The National Institutes of Health has awarded researchers at the University of Notre Dame a $3 million grant to study the relationships between parents and infants, the first study of its kind that will include fathers as well as mothers as participants. The researchers, who will work with babies living with their married or co-habiting parents, will study the stability of the parents’ relationship and its effect on the wellbeing of their baby. Parents will go through a program designed to encourage healthy parenting and communication
Three University of Notre Dame faculty members have been elected to serve on section committees for the American Association for the Advancement of Science (AAAS). Agustín Fuentes will serve as chair-elect on the Anthropology section committee, Christine M. Maziar will serve as member-at-large on the Societal Impacts of Science and Engineering section committee, and Richard Taylor will serve as council delegate on the Pharmaceutical Sciences section committee.
Timothy S. Fuerst, William and Dorothy O’Neill Professor of Economics at the University of Notre Dame, died Tuesday (Feb. 21) after a 10-month battle with stomach cancer. He was 54. Fuerst conducted research on monetary theory and policy, with a special focus on business cycles. “Tim was a devoted and loving husband and father, a productive and highly respected economist, a gifted teacher and, of course, a wonderful friend to us all,” said William Evans, chair of the Department of Economics. “After Tim’s diagnosis, he adopted the motto of the Congregation of Holy Cross — Ave Crux, Spes Unica – ‘Hail the Cross, Our Only Hope.’ His courageous, dignified and faith-filled battle against the disease was an inspiration to us all.”
Lee Anna Clark, chair of Notre Dame’s Department of Psychology, will receive two lifetime achievement awards this year, reflecting the way in which her work has bridged two major areas of psychology. The Society for Personality and Social Psychology presented her with the Jack Block Award for Distinguished Research in Personality in January. The Society for Research in Psychopathology will honor her with the Zubin Award later in the year.
The first pieces in the expansion of the Notre Dame International Security Center (NDISC) are in place, as the once-small program builds toward its long-term goal as a thought leader in American grand strategy. Led by Director Michael Desch, a professor in the Department of Political Science, NDISC recently hired three new faculty members and brought on board three postdoctoral fellows.
It didn’t take long for Nathan Rose to make an impact at Notre Dame. Just a few months after joining the faculty, he became the first member of the Department of Psychology to have a study published in the journal Science — and the second ever from the College of Arts and Letters. Rose, an assistant professor, examined a fundamental problem the brain has to solve — keeping information “in mind,” or active — so actions can be guided accordingly.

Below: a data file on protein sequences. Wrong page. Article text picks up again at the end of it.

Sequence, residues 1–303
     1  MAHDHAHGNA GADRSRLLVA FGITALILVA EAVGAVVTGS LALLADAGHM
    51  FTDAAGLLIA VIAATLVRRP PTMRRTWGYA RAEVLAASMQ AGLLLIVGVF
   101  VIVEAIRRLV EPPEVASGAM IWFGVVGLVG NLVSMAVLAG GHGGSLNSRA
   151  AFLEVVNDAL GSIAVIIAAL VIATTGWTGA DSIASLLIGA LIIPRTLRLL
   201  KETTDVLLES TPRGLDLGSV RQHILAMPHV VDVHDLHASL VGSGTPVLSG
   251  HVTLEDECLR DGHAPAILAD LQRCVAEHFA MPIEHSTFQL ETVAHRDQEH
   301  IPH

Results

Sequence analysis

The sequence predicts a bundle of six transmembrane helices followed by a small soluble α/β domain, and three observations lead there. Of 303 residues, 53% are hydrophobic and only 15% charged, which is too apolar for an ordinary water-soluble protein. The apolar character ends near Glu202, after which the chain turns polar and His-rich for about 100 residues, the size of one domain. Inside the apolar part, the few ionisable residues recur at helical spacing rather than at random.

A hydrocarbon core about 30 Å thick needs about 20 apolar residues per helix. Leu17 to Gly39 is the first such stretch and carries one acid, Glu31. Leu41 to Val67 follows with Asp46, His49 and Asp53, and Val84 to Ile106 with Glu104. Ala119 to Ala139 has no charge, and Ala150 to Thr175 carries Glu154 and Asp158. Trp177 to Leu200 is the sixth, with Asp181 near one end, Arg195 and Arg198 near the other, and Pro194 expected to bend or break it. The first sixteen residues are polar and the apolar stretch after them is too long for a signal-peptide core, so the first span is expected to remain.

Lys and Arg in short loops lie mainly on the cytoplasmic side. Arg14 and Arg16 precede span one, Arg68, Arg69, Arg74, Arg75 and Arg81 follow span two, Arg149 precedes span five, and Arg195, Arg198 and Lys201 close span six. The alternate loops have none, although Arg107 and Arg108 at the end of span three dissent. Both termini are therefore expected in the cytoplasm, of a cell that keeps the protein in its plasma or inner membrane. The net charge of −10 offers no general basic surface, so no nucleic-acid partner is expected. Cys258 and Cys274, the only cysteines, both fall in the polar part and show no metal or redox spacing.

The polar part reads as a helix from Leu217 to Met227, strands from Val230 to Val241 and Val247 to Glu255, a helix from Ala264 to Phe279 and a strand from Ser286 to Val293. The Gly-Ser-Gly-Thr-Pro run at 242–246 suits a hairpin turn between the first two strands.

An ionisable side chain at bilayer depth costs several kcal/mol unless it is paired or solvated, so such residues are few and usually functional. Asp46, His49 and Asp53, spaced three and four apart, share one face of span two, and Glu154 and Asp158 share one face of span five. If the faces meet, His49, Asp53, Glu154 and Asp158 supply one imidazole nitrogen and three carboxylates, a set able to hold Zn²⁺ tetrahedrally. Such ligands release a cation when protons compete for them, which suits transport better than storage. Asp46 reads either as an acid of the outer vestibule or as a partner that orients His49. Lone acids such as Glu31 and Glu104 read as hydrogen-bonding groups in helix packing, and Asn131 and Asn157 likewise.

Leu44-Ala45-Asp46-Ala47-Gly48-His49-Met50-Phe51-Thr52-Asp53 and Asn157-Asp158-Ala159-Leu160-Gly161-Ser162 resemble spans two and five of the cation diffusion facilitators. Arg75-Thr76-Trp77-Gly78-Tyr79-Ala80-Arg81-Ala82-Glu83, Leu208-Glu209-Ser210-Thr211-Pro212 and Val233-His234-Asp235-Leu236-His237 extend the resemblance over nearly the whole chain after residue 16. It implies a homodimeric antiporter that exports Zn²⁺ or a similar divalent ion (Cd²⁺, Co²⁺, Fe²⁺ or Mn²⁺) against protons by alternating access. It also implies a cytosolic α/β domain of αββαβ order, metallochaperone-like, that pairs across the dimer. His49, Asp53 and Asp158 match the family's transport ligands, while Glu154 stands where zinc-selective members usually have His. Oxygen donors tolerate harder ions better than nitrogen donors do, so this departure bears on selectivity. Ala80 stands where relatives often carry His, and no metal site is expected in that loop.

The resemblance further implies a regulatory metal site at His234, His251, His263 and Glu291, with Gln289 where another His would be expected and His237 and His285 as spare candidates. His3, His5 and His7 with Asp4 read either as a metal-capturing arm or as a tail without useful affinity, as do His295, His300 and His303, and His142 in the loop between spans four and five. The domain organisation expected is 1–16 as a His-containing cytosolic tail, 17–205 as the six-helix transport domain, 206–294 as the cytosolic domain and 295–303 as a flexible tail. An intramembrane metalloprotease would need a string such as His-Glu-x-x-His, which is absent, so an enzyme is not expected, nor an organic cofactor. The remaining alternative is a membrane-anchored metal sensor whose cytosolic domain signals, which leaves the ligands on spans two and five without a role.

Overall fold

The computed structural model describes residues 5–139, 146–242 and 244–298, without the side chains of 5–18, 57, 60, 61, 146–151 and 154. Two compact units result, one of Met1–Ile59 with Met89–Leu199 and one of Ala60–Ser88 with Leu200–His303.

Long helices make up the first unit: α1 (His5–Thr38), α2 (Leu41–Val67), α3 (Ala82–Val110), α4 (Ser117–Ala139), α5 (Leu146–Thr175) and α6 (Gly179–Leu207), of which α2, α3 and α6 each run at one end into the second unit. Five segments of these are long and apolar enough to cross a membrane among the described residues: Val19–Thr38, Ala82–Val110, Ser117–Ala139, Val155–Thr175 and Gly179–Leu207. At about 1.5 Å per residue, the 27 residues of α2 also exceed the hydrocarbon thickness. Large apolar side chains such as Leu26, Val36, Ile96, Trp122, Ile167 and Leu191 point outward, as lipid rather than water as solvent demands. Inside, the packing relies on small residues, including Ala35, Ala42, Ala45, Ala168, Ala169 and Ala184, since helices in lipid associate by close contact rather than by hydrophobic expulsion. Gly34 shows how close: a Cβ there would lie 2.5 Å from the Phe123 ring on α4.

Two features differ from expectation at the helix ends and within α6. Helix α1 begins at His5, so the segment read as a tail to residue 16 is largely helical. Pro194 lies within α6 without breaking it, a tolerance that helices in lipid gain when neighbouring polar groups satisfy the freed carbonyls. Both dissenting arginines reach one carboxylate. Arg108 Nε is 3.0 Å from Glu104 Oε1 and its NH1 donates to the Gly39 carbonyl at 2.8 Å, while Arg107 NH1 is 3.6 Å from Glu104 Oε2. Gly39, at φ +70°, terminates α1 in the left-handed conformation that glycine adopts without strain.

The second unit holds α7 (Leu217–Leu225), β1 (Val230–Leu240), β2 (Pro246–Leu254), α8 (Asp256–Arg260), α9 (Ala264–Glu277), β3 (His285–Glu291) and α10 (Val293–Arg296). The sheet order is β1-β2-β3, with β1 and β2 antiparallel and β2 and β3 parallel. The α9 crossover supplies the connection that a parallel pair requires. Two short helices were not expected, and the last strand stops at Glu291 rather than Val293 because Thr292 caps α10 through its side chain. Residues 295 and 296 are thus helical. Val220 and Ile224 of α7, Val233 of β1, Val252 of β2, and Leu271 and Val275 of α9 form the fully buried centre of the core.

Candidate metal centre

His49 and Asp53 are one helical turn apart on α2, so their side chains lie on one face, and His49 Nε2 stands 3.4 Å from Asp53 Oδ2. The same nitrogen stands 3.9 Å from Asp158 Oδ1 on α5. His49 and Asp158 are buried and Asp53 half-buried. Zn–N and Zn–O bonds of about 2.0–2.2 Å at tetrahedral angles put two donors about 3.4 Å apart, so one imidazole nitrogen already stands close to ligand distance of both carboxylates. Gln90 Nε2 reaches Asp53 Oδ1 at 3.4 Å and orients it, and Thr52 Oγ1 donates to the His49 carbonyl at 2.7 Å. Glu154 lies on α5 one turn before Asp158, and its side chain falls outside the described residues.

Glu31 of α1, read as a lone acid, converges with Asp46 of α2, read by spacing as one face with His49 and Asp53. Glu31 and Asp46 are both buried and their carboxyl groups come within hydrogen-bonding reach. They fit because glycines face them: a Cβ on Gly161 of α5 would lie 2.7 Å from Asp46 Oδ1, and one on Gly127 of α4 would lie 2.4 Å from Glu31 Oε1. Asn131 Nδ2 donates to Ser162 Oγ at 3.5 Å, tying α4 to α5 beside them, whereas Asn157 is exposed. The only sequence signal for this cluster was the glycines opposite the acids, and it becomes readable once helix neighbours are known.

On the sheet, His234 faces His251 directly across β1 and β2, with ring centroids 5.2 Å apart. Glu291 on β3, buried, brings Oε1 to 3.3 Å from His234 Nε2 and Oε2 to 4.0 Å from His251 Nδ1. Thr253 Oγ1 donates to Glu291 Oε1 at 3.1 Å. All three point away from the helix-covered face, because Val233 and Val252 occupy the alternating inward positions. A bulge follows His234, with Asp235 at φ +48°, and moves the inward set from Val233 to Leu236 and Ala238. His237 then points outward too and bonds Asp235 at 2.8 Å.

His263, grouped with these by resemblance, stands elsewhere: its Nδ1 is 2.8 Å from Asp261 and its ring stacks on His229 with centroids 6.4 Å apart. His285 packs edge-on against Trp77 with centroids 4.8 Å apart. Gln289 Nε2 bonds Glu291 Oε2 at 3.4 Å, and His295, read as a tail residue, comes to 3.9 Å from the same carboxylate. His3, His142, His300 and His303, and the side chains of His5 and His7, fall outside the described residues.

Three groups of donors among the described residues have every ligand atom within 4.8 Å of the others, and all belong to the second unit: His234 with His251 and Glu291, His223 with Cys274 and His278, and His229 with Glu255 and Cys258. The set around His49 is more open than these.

Gabriel Said Reynolds, professor of Islamic studies and theology at the University of Notre Dame, is one of 15 Catholic delegates invited by the Pontifical Council for Interreligious Dialogue (PCID) to participate in a bilateral conversation with 15 Muslim counterparts at Al-Azhar al-Sharif Center for Dialogue (ASCD) Feb. 22-23 in Cairo, Egypt. Reynolds, whose research centers on the Quran and Muslim-Christian relations, believes the greatest opportunities for progress come from emphasizing what Christians and Muslims have in common — the shared stories, history and values.
Notre Dame’s Global Religion Research Initiative has announced its 2017 award recipients. The initiative, directed by sociologist Christian Smith, aims to advance the empirical study of global religion in mainstream academia by granting funds to promising researchers in the social sciences.
The study found that voucher expansion caused significant declines in church donations and church spending on non-educational religious activities.
Valerie Sayers is a professor of English at the University of Notre Dame. She is the author of six novels as well as numerous short stories, essays, and reviews. In this video, she discusses her approach to writing, the way modern fiction has evolved based on contemporary concerns, and the strength of Notre Dame's Creative Writing Program.
While some observers are hailing this find as the 12th Dead Sea Scrolls cave, James VanderKam, a leading Dead Sea Scrolls scholar and John A. O’Brien Professor Emeritus of Hebrew Scriptures in the University of Notre Dame's Department of Theology, cautions that the findings need to be placed “in context.”